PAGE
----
Assessing and meeting spiritual need
‘ Spiritual need I would think of as the
same as any other sort of need’. ‘…if someone has something that is important to them…we should do the best we can to help them fulfil that need’.
Collins et al. (2001)
107 (95.6%) of their participants believed spiritual well-being was an important component of good health and 51 (45.5%) agreed or strongly agreed that therapists should address spiritual concerns with clients. However, the appropriateness of addressing spiritual issues was concluded to be situational based, e.g. only if the client brings it up.
So how can occupational therapists discover if this is an important area for our service users?
The Mayers’ Lifestyle Questionnaires (1), (2) & (3) www.mayersLSQ.org.uk
Developed to enable service users to indicate their priority quality of life needs right at the beginning of intervention.
(1): for people with problems related to physical disability (2): for people with enduring MH problems (3): recently developed, specifically for older people
Sections within the Mayers’ LSQ (2) 1. 2. 3. 4. 5. 6. 7. 8. 9.
Looking after yourself Living situation Looking after others Being with others Being in and out of work/attending college Your beliefs and values Finances Choices Activities you enjoy doing / want to do
Unless we discuss an individual’s quality of life with them, we cannot initiate a person-centred approach… which means we cannot discover their level of motivation, interests (meaningful occupation) and values (spirituality)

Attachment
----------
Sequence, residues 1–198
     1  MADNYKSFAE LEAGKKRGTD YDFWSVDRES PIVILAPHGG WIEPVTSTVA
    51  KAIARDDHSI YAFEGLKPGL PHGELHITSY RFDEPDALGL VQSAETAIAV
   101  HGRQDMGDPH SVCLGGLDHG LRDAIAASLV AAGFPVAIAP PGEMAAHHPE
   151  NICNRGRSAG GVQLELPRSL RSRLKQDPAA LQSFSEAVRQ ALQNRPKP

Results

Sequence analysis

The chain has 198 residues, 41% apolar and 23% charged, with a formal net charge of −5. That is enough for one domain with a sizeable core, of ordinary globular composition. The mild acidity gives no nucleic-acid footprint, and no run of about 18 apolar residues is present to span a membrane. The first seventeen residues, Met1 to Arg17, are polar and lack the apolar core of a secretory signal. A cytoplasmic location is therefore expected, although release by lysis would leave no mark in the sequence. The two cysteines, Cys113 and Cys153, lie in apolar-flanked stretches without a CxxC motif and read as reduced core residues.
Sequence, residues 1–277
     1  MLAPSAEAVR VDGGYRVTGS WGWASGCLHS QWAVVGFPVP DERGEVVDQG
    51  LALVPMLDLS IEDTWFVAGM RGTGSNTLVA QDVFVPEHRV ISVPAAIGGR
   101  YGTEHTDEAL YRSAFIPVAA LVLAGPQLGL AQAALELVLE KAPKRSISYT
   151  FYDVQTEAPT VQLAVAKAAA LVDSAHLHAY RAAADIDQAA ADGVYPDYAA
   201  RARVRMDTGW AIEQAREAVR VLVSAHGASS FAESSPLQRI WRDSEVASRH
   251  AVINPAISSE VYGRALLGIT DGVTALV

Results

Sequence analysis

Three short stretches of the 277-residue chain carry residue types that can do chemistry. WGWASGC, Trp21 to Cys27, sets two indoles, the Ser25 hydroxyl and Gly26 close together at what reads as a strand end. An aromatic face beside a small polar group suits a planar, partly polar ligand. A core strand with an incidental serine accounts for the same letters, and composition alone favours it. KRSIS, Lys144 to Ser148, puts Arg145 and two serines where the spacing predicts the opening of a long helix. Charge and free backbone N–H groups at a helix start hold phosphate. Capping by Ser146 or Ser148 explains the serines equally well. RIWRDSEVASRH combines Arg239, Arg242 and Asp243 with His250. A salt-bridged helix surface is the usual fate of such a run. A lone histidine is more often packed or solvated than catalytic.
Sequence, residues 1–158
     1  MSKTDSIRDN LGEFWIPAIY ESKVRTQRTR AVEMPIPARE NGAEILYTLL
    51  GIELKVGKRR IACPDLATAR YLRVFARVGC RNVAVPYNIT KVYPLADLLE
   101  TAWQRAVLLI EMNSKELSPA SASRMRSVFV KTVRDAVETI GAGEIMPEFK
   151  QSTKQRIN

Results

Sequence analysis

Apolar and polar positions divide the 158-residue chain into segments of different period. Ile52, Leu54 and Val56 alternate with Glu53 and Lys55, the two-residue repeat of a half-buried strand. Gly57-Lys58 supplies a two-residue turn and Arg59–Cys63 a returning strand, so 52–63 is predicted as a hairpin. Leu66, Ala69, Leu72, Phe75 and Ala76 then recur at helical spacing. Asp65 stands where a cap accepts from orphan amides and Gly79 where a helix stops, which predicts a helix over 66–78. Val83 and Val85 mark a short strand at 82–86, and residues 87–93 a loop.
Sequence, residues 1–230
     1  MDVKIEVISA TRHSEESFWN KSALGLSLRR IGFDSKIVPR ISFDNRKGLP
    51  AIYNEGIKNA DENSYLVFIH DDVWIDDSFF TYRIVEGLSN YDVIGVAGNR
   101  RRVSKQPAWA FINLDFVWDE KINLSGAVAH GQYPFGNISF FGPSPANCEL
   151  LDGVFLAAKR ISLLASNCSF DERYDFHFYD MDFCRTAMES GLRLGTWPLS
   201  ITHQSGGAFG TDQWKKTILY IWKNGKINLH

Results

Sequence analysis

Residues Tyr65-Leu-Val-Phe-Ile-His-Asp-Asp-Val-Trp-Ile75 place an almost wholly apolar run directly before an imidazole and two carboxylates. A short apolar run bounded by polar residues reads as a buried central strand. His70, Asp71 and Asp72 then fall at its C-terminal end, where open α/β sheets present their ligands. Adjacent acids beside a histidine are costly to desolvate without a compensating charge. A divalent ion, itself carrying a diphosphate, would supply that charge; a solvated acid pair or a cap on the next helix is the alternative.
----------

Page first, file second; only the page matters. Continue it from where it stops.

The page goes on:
Section 6. Your Beliefs and Values
Do you have: religious / spiritual beliefs that are important to you? do you like to be with others who have similar beliefs / values? are you able to join others with similar beliefs?
Older people with dementia: examples of people/occupations enhancing their spirituality
Friends, family A sense of belonging, being with others Having a clear role – being a grandparent Undertaking outdoor pursuits – gardening, walking, listening to/watching birds, enjoying change of seasons Attending church and being part of that community
‘I’ve got a rose in front of my window. It’s only one little rose on its own and … I just feel as if it’s been put there for me’
References Collins JS, Paul S and West-Frasier J (2001) The utilization of spirituality in occupational therapy: beliefs, practices and perceived barriers. Occupational Therapy in Health Care, 14(3/4), 73-92. Cornah D (2006) The impact of spirituality on mental health – a review of the literature. London, Mental Health Foundation
Hoyland M and Mayers CA (2005) Is meeting spiritual need within the occupational therapy domain? British Journal of Occupational Therapy, 68 (4), 177-180 Johnston D and Mayers CA (2005) Spirituality: a review of how occupational therapists acknowledge, assess and meet spiritual needs. British Journal of Occupational Therapy, 68 (9), 386-392 Mayers CA (2004) Editorial: Towards understanding spirituality. British Journal of Occupational Therapy, 67 (5), 191 Mueller PS, Plevak DJ and Rummans TA (2001) Religious involvement, spirituality and medicine: implications for clinical practice. Mayo Clinic Proceedings, 76(12), 1225-1235. Stoll R (1989) The essence of spirituality. In Carson V (Ed.) Spiritual Dimensions of Nursing Practice. Philadelphia: WB Saunders.
www.mayersLSQ.org.uk [email protected]